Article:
IV.V. CONSEQUENCES IN QUOTIDIAN LIFE

It has been noted that most religious institutions expect that their religious beliefs, the participation in rituals, religious experience and knowledge of the principal doctrines will have consequences in the daily lives of their adherents. As discussed in referring to the functional definitions of religion, Scientology postulates that through its practice and training people free themselves from irrational fears, psychosomatic illnesses, become more calm, achieve a better state of equilibrium, energy, communicate better, repair and revitalize their relationships with others, achieve personal goals, discard their doubts and inhibitions acquiring confidence in themselves, feel joy and clearly understand how to achieve happiness.

Another change which the Church of Scientology expects of its adherents is that they will help others to change conditions that they wish to improve, urging them to become auditors:

"The need for auditors is great since it is plain that individuals can be salvaged only one at a time. Unlike congregational religions, this salvation ultimately occurs in Scientology in the one-on-one relationship between auditor and preclear. Many Scientologists train to become auditors, and anyone who wishes to help his fellow man can do the same. But of no less importance, one can gain greater skill in handling life than he ever thought possible. There is no more worthwhile purpose than helping one's fellows and no better way to accomplish this purpose than by becoming an auditor. Auditors apply what they have learned to help others with auditing and to change conditions wherever they find that conditions need improving.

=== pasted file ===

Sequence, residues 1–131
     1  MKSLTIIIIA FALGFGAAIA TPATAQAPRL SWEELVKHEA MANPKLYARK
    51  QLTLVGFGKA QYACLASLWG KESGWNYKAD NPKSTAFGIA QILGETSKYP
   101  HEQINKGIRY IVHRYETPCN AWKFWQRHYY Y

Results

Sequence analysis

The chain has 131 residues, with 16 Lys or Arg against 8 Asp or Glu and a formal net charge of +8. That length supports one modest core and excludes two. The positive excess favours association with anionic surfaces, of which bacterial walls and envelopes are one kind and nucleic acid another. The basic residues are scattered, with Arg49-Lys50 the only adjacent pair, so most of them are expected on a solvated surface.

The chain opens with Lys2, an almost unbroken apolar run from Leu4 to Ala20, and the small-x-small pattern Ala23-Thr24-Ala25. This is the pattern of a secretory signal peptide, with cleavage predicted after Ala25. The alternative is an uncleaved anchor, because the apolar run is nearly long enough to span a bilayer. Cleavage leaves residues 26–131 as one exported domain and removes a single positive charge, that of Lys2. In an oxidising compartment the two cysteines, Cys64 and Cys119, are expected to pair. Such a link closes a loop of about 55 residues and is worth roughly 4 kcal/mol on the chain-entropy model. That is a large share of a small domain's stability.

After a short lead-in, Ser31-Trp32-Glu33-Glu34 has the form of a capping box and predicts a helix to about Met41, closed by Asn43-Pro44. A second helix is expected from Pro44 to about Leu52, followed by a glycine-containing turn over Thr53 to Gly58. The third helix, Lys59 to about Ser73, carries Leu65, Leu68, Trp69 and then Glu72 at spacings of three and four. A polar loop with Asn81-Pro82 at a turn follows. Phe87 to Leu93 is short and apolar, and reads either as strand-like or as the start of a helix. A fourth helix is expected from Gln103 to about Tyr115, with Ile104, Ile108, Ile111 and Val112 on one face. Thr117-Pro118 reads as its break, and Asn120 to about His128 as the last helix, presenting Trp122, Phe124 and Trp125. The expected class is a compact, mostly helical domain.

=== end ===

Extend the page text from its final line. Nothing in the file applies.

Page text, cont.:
"This is the mission of the trained Scientologist, and it is in his understanding, his compassion and his skill that the dreams of a better world reside." (Church of Scientology 1993:169)

It can be observed therefore that like most religious institutions, the Church of Scientology expects that sharing its beliefs, participating in its rituals, directly experiencing ultimate reality and knowledge of its principal doctrines will have consequences in the daily lives of its adherents. These consequences include improvement of the ability to handle their own lives, improvement of their own abilities and an improved disposition and ability to help others.

In summary, it can be observed that the Church of Scientology expects that its adherents will be religious persons, in the sense that the analytic definitions of religion give to this term. In effect: It provides a framework so that its adherents may share in its principal doctrines and expects that those who participate achieve a direct experience of ultimate reality, acquiring information on the principles of their faith and experiencing consequences in their daily lives. Therefore, per the analytical definitions of religion, the Church of Scientology constitutes a religious institution, since its expectations in relation to its adherents correspond to what such institutions expect of religious individuals.

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